Tagged with 'plastic'

Household plastic recycling is a disaster; can biobased plastics be part of the solution?

From the 8 billion metric tons of plastics which have been produced since the 1950’s hardly 10% has been recycled. Recycling of plastic waste is problematic in general, but this pertains especially to the highly polluted, fragmented mix of household plastics. To make anything useful out of this diverse stream is increasingly becoming a herculean task. With the global production of plastic set to double within the next 15 years we need swift and concrete solutions. Marginal gains won’t get us out of this recycling mess. Fortunately, there are ways to solve it and biobased materials are part of the answer.

 

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Can bioplastics play a role in minimizing the plastic soup?

This ecological disaster, which currently takes place before our eyes, is increasingly addressed by a wide coalition of stakeholders as a serious and complex societal problem. More and more alarming reports are written about the presence of so-called micro-and nanoplastics, smaller than 5 mm, in our food chain and even on our plates.The consequences of our plastic waste become devastating. All lives in and around the rivers and oceans are put at risk because of the floating plastic pollution as animals mistake plastic waste for a viable foodsource.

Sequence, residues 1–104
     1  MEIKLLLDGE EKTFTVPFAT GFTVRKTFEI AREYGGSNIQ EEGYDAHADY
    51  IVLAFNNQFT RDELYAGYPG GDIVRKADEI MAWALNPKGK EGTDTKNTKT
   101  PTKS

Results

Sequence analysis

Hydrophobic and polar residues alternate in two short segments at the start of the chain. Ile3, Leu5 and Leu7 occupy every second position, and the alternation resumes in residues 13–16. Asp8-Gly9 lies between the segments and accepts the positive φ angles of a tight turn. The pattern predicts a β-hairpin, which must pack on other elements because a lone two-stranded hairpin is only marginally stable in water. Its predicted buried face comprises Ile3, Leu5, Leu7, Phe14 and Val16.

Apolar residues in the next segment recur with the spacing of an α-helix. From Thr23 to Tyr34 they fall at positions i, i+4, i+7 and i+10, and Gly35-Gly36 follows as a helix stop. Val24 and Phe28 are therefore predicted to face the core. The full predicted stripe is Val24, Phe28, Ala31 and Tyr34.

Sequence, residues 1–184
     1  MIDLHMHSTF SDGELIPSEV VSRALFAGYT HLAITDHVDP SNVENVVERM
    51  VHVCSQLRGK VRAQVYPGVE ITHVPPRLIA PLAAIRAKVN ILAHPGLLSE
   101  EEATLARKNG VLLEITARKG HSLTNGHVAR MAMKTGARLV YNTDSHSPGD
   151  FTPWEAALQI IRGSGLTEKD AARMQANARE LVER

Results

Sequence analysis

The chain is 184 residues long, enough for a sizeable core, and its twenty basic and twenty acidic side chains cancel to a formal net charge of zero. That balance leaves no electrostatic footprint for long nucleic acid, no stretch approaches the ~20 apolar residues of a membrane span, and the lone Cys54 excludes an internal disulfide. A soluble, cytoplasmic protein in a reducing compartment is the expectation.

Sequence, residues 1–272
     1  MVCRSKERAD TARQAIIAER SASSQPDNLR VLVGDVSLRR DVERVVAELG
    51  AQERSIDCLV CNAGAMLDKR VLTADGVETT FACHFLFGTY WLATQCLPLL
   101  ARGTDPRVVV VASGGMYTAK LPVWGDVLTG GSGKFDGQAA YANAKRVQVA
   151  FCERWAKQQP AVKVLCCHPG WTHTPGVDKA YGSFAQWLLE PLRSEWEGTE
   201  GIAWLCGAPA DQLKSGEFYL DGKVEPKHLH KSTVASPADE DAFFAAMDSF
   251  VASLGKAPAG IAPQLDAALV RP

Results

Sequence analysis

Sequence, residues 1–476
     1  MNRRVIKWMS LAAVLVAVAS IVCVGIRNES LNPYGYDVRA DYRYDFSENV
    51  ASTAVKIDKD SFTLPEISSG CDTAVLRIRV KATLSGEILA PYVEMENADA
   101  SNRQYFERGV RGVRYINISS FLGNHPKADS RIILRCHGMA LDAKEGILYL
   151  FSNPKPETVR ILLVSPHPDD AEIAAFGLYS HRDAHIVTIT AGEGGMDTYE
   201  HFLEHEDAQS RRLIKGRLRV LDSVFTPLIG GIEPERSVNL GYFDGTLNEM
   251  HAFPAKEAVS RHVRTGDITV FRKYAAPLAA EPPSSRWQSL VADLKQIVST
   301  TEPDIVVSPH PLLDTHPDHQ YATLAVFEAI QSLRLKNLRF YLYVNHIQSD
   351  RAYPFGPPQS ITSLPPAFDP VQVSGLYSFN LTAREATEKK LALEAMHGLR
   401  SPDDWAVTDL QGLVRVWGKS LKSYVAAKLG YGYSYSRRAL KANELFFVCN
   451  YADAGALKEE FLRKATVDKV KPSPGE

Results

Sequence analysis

Worldwide recycling rates are low and ocean plastics can hardly be recycled, let alone all be cleaned from alle plastic.Bioplastics are often put forward as the solution to this pressing problem, but to what extent can bioplastics truly make a difference? At Bio Futura we are, as supplier of bioplastics, among other materials, not free of bias, but we do believe that it still can be a good reason to address this subject. In this article we’ll make an attempt to do so in the most objective manner.   

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